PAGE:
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Why this World Cup is Africa’s most successful ever

It’s become something of a cliche to mention how African nations bring the liveliest supporters to a World Cup. At times, it feels like the subtext is that the African teams haven’t offered much on the pitch.

At this World Cup, those supporters have been more prominent than ever. If you were dumped in the middle of Doha with no prior warning and asked to guess the identity of the host nation solely by the supporters, you would — accepting that Argentinians and Brazilians will travel anywhere — guess somewhere in north Africa. Tunisians and Moroccans, many of whom live locally, have been particularly visible from the outset.

Why this World Cup is Africa’s most successful ever

And happily, in front of huge numbers of their own supporters, African sides have done the business on the pitch too. Inevitably, the focus will be on Morocco, the first African side ever to reach the semi-final stage, but there has been success across the board. For the first time, all five African participants — Morocco, TunisiaCameroonGhana and Senegal — won a game. Granted, Tunisia and Cameroon’s sole successes came against weakened France and Brazil sides in their final group games. But this must be considered the most successful World Cup for African sides in terms of outright success and strength in depth.

The path to this point is worth outlining. African sides haven’t simply had to fight for success, they’ve had to fight for their participation at this tournament altogether. Egypt played a single game at the 1934 tournament, having qualified from the UEFA confederation. But incredibly, it wasn’t until 1970 that an African side next participated in the tournament.

The Confederation of African Football (CAF) was only formed in 1957 and there was initially no automatic World Cup entry for its sides. FIFA’s system of qualification for World Cup 1966 featured only one place for African, Asian and Oceanic countries combined. The African sides, boldly, boycotted qualification in protest at that (and FIFA’s support for South Africa). It worked. From 1970 onwards, Africa would have at least one guaranteed spot.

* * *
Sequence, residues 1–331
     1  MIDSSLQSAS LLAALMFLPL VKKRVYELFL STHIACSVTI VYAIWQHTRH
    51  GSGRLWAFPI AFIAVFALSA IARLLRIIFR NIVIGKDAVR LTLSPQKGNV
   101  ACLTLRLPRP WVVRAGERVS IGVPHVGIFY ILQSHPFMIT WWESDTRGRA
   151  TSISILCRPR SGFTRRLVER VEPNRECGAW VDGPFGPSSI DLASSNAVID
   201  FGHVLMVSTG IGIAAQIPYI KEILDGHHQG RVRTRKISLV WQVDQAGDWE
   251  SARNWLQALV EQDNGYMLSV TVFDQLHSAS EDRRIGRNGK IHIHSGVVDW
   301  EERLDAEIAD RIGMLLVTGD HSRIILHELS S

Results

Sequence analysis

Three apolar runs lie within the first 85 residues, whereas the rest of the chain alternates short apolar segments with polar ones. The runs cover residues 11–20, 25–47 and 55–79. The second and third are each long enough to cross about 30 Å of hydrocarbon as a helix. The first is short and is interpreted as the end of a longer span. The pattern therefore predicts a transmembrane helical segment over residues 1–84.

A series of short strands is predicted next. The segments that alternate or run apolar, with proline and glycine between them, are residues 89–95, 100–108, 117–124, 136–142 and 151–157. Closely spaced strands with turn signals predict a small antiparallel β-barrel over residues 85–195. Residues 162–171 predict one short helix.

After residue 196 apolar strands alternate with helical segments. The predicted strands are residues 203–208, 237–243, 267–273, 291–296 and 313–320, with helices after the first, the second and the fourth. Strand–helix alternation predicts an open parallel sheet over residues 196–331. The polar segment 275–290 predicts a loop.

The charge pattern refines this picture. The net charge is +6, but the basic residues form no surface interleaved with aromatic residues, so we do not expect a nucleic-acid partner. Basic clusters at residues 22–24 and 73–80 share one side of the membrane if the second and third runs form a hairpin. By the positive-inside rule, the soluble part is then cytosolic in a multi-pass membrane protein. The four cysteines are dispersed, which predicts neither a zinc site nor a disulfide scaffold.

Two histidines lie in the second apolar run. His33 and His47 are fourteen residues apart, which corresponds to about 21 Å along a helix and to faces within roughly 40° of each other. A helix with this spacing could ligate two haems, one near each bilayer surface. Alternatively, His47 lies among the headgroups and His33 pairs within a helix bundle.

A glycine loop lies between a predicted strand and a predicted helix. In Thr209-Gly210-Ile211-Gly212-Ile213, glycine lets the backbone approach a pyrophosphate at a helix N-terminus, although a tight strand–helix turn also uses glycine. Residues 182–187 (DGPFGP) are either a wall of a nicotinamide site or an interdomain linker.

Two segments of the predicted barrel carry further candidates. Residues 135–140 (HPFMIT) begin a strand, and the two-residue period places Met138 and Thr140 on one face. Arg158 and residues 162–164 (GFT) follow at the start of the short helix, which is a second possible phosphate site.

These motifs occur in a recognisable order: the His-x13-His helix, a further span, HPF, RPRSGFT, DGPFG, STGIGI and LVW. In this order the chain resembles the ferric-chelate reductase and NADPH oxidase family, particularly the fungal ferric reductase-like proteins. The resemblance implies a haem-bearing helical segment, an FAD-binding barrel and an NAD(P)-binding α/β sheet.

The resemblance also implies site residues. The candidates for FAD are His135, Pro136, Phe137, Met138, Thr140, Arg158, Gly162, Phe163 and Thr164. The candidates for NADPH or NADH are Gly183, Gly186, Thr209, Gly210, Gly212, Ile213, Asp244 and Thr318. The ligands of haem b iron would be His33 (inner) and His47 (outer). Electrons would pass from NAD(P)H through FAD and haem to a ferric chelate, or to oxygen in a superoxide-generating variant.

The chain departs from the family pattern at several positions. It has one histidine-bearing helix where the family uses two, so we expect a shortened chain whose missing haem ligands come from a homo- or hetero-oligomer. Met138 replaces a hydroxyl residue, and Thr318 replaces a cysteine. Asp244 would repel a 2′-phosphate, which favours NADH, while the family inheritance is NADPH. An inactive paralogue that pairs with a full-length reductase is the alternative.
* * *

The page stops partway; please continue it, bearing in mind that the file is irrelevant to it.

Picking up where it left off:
Still, progress was gradual. In 1970 Morocco finished bottom of their group, with no wins. Zaire in 1974 did the same, and the famous incident when Mwepu Ilunga booted away a Brazilian free kick did particular harm to Africa’s reputation on the world stage, with many assuming he simply didn’t understand the rules. The 1978 tournament brought Africa’s first World Cup win, through Tunisia’s 3-1 victory over Mexico, before its first appearance in the knockout stage in 1986, thanks to Morocco. Then came Cameroon’s famous run to the quarter-finals in 1990, a feat matched — but not surpassed — by memorable Senegal and Ghana sides in 2002 and 2010. Those achievements demonstrated African sides’ ability to compete. They also encouraged European clubs to chase the next generation of African talent.

A peculiar feature of Africa’s progress — or lack of it — has been circumstances conspiring against them in slightly bizarre ways. In 1982, Algeria were the victims of the ‘Disgrace of Gijon’, when West Germany and Austria played out a 1-0 German win that suited both European countries. FIFA immediately changed the rules, so the final group games were played simultaneously to prevent such straightforward collusion in future.

Read the full article: Why this World Cup is Africa’s most successful ever

Source: The Athletic

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